Sue Perkins and Mel Giedroyc in "Hitmen" Sky UK Limited/Peacock
Typecasting is a double-edged sword for any performer. For women in showbusiness the label can be a killer. Ageism and sexism already conspire to shorten women's careers in television and in film. Now imagine life as a performer associated with only certain roles – say, daytime television presenter, or baking show host. Spend several decades as one of the faces of competition series and talk show, and it becomes increasingly more difficult to be seen as anything else, or in anything else.
For that reason alone "Hitmen" gives fans of British comedy duo Mel Giedroyc and Sue Perkins reason to cheer. Many Americans primarily recognize Mel & Sue, as the duo are known in Britain, as the original (and best) hosts of "The Great British Baking Show" as we knew it on PBS. For their first post-"Baking Show" project they're the headliners of a scripted series that casts them as contract killers Jamie (Giedroyc) and Fran (Perkins).
In many ways Jamie and Fran are basically Mel and Sue, but dark: best friends who are eternally supportive to the expense of all else around them, including their job . . . and their "jobs." The pair murder people at the behest of the shadowy Mr. K, who is all too happy to demonstrate his unhappiness with the people working for him by hiring Jamie and Fran to off them.
The pair, meanwhile, are so casual about their targets' lives being forfeit that they basically pay the same amount of attention to them as garbagemen treat something about to be tossed away, which would seem cold and cruel if not for the comedy duo's charisma and their insurmountable obsession with their own shortcomings.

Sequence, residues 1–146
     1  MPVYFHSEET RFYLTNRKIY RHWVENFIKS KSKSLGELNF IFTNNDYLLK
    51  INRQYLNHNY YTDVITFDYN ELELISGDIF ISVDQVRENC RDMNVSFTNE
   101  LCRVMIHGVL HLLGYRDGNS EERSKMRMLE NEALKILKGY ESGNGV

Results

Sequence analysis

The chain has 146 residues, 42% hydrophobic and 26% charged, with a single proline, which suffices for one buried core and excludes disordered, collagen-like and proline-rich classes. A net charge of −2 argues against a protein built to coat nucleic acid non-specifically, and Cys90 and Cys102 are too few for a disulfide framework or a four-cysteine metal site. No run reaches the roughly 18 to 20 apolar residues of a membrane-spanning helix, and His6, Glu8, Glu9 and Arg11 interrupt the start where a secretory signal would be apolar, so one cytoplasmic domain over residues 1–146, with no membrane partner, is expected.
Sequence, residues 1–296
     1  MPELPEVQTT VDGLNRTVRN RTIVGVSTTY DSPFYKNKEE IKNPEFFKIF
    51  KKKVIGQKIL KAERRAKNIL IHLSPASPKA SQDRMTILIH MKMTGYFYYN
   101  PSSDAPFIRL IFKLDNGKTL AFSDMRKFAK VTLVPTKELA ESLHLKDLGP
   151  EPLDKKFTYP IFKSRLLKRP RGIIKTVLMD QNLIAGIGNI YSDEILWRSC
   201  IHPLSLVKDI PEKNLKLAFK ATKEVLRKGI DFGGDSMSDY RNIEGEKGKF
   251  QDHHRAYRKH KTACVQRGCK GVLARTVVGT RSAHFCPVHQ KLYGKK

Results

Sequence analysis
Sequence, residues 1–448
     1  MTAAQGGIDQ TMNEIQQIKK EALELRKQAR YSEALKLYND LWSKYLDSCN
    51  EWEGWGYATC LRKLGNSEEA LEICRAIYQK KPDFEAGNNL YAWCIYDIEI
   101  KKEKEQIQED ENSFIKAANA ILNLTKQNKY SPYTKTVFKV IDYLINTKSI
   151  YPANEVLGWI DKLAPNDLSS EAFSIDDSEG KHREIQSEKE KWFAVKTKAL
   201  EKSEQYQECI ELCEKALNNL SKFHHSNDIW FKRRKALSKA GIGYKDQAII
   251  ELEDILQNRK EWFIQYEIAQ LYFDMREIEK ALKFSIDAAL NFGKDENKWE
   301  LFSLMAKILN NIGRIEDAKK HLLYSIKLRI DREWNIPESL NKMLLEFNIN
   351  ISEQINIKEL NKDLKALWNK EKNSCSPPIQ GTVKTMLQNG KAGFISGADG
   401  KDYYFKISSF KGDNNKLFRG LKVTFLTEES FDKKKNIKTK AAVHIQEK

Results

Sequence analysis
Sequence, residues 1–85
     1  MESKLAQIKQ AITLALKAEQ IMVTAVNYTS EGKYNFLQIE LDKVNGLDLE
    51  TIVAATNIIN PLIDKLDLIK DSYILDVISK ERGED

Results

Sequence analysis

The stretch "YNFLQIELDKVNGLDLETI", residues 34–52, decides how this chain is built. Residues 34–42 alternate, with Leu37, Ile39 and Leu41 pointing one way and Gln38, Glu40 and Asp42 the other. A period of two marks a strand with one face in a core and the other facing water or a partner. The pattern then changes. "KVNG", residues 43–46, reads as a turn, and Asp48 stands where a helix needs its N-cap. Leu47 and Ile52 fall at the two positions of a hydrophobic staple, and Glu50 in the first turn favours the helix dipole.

Thus, targets frequently spend their last few moments on Earth being party to Jamie and Fran's heart-to-hearts about their messed-up love lives. One ends up being a guest at Fran's birthday party when it becomes obvious that her former friends no longer want to share the same room with her owing to the whole risk factor and immorality of her job.
Unpopularity notwithstanding, Fran presents as the savvier of the duo, working overtime to look the part of an assassin, her black eyeshadow an attempt to channel Lisbeth Salander . . . although, in context, it makes her look at lot more emo than intimidating.
Jamie is the messier of the two who nonetheless lands romantic trysts with at least one impossibly hot and hilariously ideal (and, it is implied, presumably out of her league) man glimpsed in an early episode bringing her soup in the middle of a job.
Fran makes do with her crush on the pair's abusive, opportunistic rival Liz (Tonya Cornelisse) who has her own enabling, passive and kindly pillow of a partner in Charles (Asim Chaudhry). And these adversaries demonstrate Fran's and Jamie's relative ineffectuality, which shows up in each 23-minute-or-so romp as physical farce. The duo get their share of murdering done, to be clear. They just bungle each job along the way.